To simplify, the Ministries of Ecology can have three main categories of attributions. The first is to preserve the environment. This mainly entails the fight against deforestation and pollution of aquatic environments as well as the degradation of the richness of the soil or air pollution. A second axis is related to climate change and it is all about a clean economy. The last point is research. Ministries such as those in Canada or the US play an important role in collecting data on these subjects.

The choice to prioritise one axis over another is eminently political. The dichotomy between environmental conservation and action against climate change is found in the very names of these entities. What differentiates the Ministries of India and Canada is that one is more focussed on the environment, while the other supports the dimension of climate change. Consequently, at the same level as the competences of these Ministries can vary, their names matter. A particularly influential Ministry for the ecological cause would naturally be called a Ministry of Sustainable Development.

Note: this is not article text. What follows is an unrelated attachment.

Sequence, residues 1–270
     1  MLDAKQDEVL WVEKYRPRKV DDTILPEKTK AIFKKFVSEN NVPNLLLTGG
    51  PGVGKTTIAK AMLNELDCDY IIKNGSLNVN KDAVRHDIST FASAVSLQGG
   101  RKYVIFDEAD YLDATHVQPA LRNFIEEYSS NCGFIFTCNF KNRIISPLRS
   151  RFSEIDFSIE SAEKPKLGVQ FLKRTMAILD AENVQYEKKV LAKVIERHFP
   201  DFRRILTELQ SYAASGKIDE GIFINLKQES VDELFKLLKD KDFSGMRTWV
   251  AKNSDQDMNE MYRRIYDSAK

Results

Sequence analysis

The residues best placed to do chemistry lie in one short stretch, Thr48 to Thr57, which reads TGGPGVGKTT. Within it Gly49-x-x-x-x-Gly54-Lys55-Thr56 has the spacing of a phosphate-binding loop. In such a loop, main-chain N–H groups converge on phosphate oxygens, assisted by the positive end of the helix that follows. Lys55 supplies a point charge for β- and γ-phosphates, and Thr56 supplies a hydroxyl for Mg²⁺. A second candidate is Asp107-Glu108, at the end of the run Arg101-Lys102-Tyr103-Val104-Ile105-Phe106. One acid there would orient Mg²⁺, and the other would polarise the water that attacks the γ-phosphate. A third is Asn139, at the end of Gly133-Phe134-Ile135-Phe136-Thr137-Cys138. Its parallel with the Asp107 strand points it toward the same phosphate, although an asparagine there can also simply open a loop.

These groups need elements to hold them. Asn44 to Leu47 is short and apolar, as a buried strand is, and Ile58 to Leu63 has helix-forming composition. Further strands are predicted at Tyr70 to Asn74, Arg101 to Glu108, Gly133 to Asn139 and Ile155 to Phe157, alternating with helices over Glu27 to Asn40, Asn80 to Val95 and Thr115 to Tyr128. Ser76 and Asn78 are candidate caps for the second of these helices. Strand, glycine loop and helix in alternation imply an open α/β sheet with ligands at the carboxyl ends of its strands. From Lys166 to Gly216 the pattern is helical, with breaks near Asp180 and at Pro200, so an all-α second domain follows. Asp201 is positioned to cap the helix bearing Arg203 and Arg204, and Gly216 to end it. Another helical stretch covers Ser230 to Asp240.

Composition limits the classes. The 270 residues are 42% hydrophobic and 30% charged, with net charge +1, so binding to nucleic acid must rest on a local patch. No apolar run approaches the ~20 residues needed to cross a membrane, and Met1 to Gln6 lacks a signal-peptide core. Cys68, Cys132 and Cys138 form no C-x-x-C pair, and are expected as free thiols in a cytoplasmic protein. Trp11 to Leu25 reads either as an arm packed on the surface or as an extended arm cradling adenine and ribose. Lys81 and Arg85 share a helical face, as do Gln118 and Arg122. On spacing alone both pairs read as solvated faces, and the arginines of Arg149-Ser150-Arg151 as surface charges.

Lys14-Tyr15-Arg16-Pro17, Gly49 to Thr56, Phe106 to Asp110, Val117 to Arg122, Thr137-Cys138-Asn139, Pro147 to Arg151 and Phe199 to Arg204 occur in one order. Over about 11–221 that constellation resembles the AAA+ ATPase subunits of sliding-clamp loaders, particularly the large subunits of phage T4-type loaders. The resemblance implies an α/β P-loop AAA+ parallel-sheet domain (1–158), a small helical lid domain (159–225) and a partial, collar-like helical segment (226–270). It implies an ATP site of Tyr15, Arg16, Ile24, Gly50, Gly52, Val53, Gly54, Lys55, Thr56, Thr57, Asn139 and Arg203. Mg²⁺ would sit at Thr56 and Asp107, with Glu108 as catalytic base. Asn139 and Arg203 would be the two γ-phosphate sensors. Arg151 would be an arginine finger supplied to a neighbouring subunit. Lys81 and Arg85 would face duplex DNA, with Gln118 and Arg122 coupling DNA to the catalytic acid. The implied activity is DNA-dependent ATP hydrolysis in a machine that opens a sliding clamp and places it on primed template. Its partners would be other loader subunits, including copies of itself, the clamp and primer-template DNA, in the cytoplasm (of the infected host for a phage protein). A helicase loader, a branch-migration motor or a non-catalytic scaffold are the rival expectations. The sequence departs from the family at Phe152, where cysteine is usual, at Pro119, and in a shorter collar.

Sustainable Development As the Strong Arm of an Omnipotent Ministry

This is where things get complicated. These Ministries relate to sustainable development. But what exactly is that? 

The term dates back to the 1960s with the work of the International Union for Conservation of Nature (IUCN). However, the term was not popularised until 1987 with the famous Brundtland report of the World Commission on Environment and Development of the United Nations and the 1992 Earth Summit in Rio de Janeiro.